What’s on Your Pump?
Some people don’t expect that one of the dirtiest places at the gas station isn’t the bathroom — it’s the pump. As electric vehicles (EVs) become more mainstream, the number of charging stations in the U.S. are increasing. The air is likely cleaner as more EVs replace gas cars, but what about the chargers you plug into when you’re out and about?
In this study, we conducted five Gram stain culture swab tests across different components of a gas pump and an EV charging station. We swabbed each surface three times and averaged the colony-forming units (CFUs) per swab for each surface type. We also compared these bacterial readings to everyday objects. What germs might you encounter the next time you’re at the pump? Read on to find out!
- EV chargers contain half the bacteria of gas pumps.
- A gas pump handle has 9x more bacteria than a computer mouse.
- An EV charger has 7x more bacteria than a headset.
Sanitization Levels at the Pump
Any shared public object will become dirty, especially high-touch surfaces like EV chargers and gas pumps. People use them daily, and who knows how often they’re cleaned (if ever). Let’s see how many germs are on each; the higher the CFU, the more germs were found, and the higher chance that you’ll get sick.
You have to touch many surfaces when you pump your own gas (unless you live in Oregon or New Jersey, where they pump it for you). Our study shows that gas pumps have a much larger amount of bacteria than their EV counterparts: 36 million vs. 16.2 million CFUs, to be exact. It may surprise you that the gas station toilet might not be the dirtiest surface you connect with during your stop. It’s important to continue washing and sanitizing your hands regularly as we transition into a post-pandemic world.
Gram-positive bacteria are generally thought of as “good” bacteria, while gram-negative bacteria are harmful. Compared to traditional gas pumps, EV chargers had less than half as much total bacteria. A pump handle alone had 30 million gram-negative rods, while the charging station had just 1.2 million. EV chargers have fewer contact points than gas pumps, making for far fewer bacterial transfers and CFUs.
Fueling Your Perspective
Next, we wanted to compare our germ numbers to everyday objects that you might come into contact with normally, like a computer mouse, headset, or car keys. Do you think they’ll have comparable levels of bacteria on them?
Bacteria levels on personal household items were much lower than those of public-use gas pumps. A pump handle had nine times more germs than a computer mouse, 36 million versus 4 million CFUs. This finding trumps EV’s highest discrepancy: An EV charger had seven times the level of bacteria as a personal headset. Gas caps versus retail packages showed the next largest difference, with caps having five times more germs.
We also found that gas station equipment had far more bacteria than smaller or less frequently touched items. The average set of keys had three times fewer germs than gas pump keypads. The bottom of a purse, known for how germy it can get, turned out to be much cleaner at 45 CFUs. On the other hand, a gas selection button had four times more bacteria than a purse bottom.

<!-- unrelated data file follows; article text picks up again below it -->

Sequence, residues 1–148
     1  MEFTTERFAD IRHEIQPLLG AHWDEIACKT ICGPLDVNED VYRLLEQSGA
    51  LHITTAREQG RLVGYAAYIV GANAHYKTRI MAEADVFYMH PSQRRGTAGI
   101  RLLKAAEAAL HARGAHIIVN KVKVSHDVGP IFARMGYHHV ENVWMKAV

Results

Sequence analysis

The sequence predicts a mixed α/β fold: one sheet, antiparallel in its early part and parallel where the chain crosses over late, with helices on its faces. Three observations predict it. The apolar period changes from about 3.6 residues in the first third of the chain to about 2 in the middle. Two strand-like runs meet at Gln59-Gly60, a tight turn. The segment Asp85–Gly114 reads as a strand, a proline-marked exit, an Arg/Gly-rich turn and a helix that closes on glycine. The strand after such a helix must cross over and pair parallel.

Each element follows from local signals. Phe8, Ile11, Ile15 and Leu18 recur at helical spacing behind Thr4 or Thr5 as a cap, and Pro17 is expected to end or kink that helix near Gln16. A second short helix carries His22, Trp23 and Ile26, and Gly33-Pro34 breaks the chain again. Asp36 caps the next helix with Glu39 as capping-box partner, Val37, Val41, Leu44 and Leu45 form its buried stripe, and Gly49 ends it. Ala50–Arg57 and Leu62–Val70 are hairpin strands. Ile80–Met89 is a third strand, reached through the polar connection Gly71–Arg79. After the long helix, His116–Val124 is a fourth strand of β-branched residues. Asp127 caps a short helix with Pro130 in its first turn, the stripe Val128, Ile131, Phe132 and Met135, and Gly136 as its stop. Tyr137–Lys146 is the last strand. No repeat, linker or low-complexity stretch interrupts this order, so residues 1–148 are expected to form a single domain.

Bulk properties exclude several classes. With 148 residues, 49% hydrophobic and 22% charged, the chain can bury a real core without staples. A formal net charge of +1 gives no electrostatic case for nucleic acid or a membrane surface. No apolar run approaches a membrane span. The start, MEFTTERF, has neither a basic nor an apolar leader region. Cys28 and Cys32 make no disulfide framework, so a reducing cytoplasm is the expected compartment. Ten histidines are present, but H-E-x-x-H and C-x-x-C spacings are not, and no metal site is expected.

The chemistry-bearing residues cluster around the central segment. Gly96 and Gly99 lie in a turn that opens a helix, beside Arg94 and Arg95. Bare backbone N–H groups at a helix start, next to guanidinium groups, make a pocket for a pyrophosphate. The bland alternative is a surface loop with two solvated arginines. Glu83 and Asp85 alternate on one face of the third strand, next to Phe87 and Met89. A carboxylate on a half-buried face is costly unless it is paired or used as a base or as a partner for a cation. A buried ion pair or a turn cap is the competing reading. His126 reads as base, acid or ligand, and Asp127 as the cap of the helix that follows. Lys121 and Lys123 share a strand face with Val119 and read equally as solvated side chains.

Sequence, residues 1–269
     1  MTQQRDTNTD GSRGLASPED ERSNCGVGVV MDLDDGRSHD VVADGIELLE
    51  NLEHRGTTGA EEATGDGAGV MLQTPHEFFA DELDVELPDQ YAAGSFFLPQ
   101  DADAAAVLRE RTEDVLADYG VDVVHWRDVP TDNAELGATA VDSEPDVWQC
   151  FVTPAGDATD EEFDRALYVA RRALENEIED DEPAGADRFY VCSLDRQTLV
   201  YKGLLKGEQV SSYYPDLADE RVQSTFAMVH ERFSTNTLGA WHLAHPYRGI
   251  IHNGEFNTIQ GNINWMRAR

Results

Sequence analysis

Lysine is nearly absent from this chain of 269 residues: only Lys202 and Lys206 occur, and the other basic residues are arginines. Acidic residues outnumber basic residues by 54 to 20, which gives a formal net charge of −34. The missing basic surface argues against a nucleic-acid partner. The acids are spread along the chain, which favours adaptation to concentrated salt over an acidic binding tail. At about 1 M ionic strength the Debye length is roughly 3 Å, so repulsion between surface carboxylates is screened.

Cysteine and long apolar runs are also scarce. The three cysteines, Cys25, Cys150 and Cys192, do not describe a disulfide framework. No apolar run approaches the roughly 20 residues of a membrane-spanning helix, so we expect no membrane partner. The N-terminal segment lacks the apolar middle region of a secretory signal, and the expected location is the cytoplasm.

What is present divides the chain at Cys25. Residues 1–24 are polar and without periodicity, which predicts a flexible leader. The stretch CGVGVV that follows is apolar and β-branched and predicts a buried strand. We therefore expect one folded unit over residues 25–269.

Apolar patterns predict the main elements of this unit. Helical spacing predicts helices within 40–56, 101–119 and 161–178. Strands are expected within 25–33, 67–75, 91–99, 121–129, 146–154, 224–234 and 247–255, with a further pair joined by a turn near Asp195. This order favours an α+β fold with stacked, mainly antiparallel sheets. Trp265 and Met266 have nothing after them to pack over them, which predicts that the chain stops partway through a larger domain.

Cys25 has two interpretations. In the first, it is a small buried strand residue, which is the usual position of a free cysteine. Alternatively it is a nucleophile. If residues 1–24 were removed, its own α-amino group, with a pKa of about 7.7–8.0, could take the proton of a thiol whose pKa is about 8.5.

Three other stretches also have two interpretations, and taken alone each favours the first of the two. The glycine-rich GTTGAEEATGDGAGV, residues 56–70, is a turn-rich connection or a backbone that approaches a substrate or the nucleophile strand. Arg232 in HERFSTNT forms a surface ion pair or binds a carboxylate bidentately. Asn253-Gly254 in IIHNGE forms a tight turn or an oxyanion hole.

Minimizing Bacterial Traffic
Coming into contact with bacteria is inevitable in our daily lives, but we also understand the issues germ transfer can cause. The global pandemic has changed the numerous ways we work, live, and interact in our communities. Learning how to minimize germ exposure creates a cleaner world for everyone and healthier life for you and your family.
The world now knows that hand-washing is one of the best ways to keep ourselves germ-free and healthy. Now, especially with the COVID-19 pandemic finally starting to pass, staying vigilant in cleaning and disinfecting ourselves and the surfaces we come in contact with is more important than ever. EV charging is a step in the right direction, minimizing public points of contact and staying in line with the idea of clean technology.
No one is expected to wear latex gloves and an N95 mask everywhere, but some key habits are helpful to form. Firstly, understanding what you can do in your home is important — those gas pump germs came from somewhere! Keeping in mind the difference between removing germs and disinfecting them can assist in maintaining a healthy lifestyle. Buying an electric vehicle is another way to keep the environment and yourself a little more germ and pollution free.
Pulling Away With Perspective
With EV chargers seeing more and more usage, it’s good to see they trend toward being less of a bridge for public germs to travel. We found the handles had many times fewer bacteria than traditional gas pumps, even when not considering the numerous other contact points at the gas station.
Electric vehicles held up their end of the bargain when it came to a healthier world, both in emissions and bacteria transfer at the pump. The best way to take advantage of those benefits is to keep ourselves vigilant in understanding how germy our daily lives can be and disinfecting what we can.
We conducted five total Gram stain culture swab tests across different components of a gas pump and EV charging station, swabbing each surface three times. Colony-forming units per swab were averaged for each surface type. It’s possible that we could have gained more insight into CFU levels with a larger sample size of surfaces. No statistical testing was performed, and the claims listed above are based on means alone. As such, this content is exploratory.
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